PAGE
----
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The “Key Culprit” in The Mass Die-Off of Alaska Snow Crabs Can be the Warming Waters

After the state of Alaska took the extraordinary step of halting their harvest this season to safeguard the species, researchers claim climate change is the main suspect in a significant die-off of snow crabs in the state. According to the National Oceanic and Atmospheric Administration’s yearly study of the Bering Sea floor, predictions for the total number of crustaceans decreased to roughly 1.9 billion in 2022 from 11.7 billion in 2018, a decrease of nearly 84 percent.

The Bering Sea snow crab season will stay closed for 2022–2023 for the first time, according to the Alaska Department of Fish and Game, which stated in a statement that efforts must focus on “conservation and rebuilding given the status of the stock.” The state’s fisheries produce 60% of the country’s seafood.

Alaska is warming at the nation’s fastest rate

The National Oceanic and Atmospheric Administration report that Alaska is warming at the nation’s fastest rate and losing billions of tonnes of ice per year, which is crucial for crabs, who depend on frigid water to thrive.

According to researcher Ben Daly with ADF&G, “environmental circumstances are changing quickly.” Ben Daly told CBS News. “It is quite clear that there is a connection between the recent high temperatures in the Bering Sea and the response we are witnessing in a species acclimated to frigid temperatures. It is a warning sign for other species that require cold water.”

They were once a plentiful resource in the Bering Sea, and their disappearance is regarded as a sign of ecological disturbance. According to studies, the incidence of bitter crab disease rises as the temperature rises. The crustaceans, so-called because they enjoy cold water, are more metabolically stressed in warm temperatures and hence require more energy to survive.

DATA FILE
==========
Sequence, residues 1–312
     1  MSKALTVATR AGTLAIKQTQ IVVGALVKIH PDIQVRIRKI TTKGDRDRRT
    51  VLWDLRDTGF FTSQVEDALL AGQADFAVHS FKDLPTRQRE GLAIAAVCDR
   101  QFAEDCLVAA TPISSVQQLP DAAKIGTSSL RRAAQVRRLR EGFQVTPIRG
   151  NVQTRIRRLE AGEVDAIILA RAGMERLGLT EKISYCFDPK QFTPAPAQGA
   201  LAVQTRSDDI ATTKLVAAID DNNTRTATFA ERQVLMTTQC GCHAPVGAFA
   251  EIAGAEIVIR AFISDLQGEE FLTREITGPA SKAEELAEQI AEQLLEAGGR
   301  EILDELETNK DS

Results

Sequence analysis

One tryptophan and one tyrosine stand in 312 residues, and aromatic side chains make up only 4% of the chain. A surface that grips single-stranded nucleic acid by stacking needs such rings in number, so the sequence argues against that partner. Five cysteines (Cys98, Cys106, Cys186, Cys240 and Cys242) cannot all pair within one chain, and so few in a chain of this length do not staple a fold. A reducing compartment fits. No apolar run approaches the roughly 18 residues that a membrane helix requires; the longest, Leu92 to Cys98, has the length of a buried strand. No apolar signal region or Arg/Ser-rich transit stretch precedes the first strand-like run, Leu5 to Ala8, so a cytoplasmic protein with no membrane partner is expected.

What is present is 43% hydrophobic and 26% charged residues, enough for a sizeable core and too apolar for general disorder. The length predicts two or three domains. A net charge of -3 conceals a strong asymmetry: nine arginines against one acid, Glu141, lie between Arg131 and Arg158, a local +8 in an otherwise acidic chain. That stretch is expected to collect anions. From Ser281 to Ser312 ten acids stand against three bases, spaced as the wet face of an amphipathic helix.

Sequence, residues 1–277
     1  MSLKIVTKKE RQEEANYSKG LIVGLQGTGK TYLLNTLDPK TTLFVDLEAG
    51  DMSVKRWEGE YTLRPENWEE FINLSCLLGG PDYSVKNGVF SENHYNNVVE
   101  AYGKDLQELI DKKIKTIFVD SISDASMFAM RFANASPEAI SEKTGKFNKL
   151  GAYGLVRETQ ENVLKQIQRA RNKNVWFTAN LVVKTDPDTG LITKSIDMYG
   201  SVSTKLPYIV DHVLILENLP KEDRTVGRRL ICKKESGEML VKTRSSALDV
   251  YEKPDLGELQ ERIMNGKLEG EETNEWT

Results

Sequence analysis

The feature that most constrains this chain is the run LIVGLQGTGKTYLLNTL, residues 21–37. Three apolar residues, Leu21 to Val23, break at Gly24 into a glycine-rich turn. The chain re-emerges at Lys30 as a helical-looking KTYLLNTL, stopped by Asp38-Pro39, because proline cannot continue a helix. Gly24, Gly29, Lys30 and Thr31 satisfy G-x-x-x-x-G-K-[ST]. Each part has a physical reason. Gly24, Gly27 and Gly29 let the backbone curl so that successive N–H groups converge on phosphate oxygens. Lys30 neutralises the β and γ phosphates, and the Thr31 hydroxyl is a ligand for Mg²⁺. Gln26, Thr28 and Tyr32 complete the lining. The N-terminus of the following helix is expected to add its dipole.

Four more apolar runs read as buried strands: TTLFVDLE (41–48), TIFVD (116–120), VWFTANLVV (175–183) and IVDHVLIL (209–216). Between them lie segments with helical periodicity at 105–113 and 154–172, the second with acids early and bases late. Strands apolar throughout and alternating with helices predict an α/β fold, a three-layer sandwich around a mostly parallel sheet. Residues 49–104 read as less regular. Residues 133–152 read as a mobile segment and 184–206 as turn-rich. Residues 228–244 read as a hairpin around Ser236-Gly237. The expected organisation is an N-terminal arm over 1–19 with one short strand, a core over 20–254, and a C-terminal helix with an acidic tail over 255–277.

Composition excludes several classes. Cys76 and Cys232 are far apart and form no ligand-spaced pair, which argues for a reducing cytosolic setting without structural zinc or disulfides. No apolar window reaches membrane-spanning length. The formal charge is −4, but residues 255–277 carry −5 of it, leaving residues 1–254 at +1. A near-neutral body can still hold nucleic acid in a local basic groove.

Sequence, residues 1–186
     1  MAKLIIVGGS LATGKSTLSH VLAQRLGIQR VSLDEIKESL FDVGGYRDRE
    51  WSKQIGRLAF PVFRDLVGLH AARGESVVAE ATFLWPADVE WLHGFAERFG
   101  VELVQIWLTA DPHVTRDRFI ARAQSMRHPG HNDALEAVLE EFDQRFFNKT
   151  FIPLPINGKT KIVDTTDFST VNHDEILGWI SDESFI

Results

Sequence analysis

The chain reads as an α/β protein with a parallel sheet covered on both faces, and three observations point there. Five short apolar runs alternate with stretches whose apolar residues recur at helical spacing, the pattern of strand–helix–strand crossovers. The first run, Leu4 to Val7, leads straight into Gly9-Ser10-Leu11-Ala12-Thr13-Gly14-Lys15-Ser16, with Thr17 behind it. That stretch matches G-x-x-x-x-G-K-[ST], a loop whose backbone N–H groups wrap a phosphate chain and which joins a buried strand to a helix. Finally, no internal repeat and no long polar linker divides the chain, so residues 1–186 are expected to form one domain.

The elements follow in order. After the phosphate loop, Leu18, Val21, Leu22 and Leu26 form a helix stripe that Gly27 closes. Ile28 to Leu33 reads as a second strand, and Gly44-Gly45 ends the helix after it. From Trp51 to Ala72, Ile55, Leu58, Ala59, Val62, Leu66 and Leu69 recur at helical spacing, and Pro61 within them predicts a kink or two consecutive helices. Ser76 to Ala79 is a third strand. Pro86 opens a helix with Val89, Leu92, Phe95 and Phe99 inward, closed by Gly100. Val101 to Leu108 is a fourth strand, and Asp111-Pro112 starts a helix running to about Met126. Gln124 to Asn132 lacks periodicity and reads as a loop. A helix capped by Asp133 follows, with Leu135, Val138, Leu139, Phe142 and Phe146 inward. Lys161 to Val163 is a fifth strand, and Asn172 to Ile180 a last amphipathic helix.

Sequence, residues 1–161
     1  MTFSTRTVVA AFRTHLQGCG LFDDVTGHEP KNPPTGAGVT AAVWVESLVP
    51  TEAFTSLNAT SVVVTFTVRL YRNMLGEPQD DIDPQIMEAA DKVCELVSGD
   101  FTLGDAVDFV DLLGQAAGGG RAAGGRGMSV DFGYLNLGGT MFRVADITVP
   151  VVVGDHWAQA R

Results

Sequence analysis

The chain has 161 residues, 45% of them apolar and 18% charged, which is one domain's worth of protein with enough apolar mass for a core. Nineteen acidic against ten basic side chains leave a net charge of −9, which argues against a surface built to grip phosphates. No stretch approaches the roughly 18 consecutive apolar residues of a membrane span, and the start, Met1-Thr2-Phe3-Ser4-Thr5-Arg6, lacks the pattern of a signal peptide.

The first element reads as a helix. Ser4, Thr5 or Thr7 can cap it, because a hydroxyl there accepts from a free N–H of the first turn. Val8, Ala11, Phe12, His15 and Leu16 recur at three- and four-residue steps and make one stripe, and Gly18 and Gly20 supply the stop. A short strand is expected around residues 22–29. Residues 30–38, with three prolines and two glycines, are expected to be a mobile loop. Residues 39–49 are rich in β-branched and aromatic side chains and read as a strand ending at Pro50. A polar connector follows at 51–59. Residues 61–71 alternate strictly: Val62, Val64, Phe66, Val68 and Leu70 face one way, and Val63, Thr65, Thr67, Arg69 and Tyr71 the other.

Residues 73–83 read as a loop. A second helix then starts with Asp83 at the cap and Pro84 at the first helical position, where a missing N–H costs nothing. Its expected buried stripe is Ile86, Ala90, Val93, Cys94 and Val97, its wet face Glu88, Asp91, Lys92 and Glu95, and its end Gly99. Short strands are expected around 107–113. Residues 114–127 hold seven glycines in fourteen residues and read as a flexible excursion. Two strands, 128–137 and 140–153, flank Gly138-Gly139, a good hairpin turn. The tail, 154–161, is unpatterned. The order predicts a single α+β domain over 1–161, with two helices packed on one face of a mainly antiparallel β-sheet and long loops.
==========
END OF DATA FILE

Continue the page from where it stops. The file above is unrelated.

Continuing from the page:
Crabs die off due to starvation

The current working theory is that the crabs starved to death because they could not meet their metabolic needs. Temperatures in regions where juveniles typically reside increased from 1.5 degrees Celsius in 2017 to 3.5 degrees Celsius in 2018 (35 degrees to 38 degrees Fahrenheit), with studies indicating 3C might be a critical threshold. Young snow crabs, in particular, need low temperatures to hide out from their main predator, the Pacific cod.

Jamie Goen, executive director of Alaska Bering Sea Crabbers, says, “these are truly unprecedented and troubling times for Alaska’s iconic crab fisheries and for the hard-working fishermen and communities that depend on them,” lamenting that second and third-generation crab-fishing families “will go out of business.”

Temperatures have returned to following normal years of extreme heat. According to Fedewa, “the goal is that leaving crabs intact would allow them to breed, there’ll be no mortalities, and we can just let the stock attempt to recover.”

According to Gabriel Prout, whose Kodiak Island fishing operation is strongly dependent on the snow crab population, there has to be a relief program for fishermen, just like there is one for farmers who have failed crops or for towns hit by storms or flooding. When asked what fisherman, whose lives rely on the ocean, can do in this position, Prout said, “Wish and ask. That’s probably the best way to put it.”

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